On 16th January, as part of its 2030 Sustainable Development Goals, the European Parliament adopted a strong resolution on international ocean governance, including a very welcome commitment to move towards ending the use of heavy fuel oil by ships in the Arctic.

 

Heavy fuel oil is a particularly dirty pollutant, being exceptionally difficult to clean up in the event of a spill. It also poses unique risks to the polar environment, as it produces high levels of black carbon particles (‘soot’). Black carbon is a potent, relatively short-lived, climate forcing agent with a Global Warming Potential 3,200 times stronger than CO2. When emitted and deposited on polar snow or ice, the climate warming effect of black carbon is at least five times greater than emissions over open oceans at warmer latitudes. This fuel has already been banned in the Antarctic.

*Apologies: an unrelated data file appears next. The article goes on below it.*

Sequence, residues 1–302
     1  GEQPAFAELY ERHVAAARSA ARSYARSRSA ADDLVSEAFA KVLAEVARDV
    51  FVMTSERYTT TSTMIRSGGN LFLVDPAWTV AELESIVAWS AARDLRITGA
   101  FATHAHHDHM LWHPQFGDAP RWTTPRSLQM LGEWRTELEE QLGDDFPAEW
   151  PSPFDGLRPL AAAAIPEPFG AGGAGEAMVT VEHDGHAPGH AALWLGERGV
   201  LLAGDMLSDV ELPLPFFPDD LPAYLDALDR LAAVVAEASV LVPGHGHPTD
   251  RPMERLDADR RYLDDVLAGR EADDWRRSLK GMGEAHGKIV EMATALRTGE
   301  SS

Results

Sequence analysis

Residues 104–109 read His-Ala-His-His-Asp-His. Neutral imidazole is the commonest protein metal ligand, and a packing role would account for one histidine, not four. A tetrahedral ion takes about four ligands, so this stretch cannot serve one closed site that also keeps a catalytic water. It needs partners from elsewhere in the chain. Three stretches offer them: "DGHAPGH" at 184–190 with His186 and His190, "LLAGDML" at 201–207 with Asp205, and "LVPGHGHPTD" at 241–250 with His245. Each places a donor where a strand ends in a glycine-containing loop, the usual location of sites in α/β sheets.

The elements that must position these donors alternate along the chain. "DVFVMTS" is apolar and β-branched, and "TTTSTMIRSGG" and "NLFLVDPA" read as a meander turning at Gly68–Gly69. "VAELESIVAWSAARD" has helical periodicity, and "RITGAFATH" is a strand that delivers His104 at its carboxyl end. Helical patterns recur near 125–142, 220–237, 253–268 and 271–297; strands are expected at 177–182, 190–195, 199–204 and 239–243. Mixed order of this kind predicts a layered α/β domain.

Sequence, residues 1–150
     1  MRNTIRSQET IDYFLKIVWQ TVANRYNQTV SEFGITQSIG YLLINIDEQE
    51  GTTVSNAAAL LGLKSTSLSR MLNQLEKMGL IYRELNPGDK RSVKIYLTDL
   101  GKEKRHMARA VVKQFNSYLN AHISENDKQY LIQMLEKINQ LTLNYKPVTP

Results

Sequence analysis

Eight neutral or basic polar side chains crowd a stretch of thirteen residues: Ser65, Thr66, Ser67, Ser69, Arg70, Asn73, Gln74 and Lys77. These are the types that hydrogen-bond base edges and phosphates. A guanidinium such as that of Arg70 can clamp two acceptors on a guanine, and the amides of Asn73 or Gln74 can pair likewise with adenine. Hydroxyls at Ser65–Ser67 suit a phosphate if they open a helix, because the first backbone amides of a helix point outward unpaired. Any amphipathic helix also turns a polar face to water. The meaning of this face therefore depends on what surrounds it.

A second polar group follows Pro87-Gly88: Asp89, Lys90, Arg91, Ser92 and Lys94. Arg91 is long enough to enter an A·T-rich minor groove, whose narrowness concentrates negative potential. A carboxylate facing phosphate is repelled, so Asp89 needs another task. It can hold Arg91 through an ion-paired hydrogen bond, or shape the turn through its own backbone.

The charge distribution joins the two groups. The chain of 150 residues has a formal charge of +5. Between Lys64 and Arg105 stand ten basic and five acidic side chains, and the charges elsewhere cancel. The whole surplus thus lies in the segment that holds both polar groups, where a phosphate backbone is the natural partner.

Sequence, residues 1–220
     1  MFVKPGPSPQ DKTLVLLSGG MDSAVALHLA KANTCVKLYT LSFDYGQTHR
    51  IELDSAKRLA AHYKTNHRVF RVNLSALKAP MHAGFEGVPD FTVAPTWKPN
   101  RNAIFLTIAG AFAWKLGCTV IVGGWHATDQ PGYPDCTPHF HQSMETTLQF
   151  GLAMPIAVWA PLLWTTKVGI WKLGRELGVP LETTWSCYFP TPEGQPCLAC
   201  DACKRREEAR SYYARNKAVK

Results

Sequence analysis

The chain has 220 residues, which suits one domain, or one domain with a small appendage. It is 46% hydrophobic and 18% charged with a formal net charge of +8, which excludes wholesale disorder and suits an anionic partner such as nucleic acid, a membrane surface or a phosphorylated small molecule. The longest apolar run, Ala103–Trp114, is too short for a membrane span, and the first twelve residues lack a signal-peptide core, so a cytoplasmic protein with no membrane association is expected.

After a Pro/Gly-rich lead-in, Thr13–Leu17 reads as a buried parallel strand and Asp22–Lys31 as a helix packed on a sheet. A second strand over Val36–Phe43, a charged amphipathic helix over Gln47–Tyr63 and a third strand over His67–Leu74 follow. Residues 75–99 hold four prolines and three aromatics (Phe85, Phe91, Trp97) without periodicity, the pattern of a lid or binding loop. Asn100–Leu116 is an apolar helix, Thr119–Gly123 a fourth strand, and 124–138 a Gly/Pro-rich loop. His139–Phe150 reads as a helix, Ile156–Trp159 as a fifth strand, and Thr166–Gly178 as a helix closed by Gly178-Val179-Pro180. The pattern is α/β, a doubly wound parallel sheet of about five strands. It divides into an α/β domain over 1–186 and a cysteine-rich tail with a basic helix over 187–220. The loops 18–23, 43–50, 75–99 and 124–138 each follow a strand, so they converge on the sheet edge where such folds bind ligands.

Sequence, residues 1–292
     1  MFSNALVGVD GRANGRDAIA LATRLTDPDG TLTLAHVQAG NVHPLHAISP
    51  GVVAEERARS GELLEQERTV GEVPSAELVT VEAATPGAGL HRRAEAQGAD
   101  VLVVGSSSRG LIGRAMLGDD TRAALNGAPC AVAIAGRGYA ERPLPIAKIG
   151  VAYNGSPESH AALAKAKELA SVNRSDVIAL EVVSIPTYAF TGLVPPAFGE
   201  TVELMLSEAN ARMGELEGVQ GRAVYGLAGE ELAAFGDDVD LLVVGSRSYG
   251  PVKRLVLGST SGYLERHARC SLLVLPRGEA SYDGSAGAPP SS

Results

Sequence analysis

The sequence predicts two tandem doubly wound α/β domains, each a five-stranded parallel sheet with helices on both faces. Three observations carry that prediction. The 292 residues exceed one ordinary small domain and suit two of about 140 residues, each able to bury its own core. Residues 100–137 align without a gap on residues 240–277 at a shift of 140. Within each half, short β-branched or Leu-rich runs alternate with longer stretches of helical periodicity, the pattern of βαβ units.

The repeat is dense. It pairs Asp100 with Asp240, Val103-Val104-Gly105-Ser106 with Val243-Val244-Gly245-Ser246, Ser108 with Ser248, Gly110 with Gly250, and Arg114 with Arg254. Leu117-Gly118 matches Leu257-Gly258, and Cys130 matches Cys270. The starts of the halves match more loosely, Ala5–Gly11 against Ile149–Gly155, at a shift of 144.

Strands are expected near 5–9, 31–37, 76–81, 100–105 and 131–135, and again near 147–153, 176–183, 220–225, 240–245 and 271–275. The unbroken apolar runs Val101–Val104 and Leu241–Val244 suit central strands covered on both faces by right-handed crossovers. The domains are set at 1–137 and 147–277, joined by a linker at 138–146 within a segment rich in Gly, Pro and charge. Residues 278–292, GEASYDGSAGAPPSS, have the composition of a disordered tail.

The risks associated with burning and carrying heavy fuel oil must now also be eliminated in the Arctic, and the European Parliament’s position is welcome proof that the use of dirty polluting heavy fuel oil is no longer acceptable in the Arctic.

While the 2017 decision by the International Maritime Organisation to start a process to address the risks of heavy fuel oil to the Arctic was a step in the right direction, faster progress is needed. The recent environmental disaster in the East China Sea is a stark reminder that ships are not immune to accidents, and the International Maritime Organisation must move quickly to address heavy fuel oil risks in the Arctic and ban its use and carriage in fuel tankers.

The resolution also contained an important call for an international moratorium on deep-sea mining, making the European Parliament an important leader in defending the deep ocean from mining.

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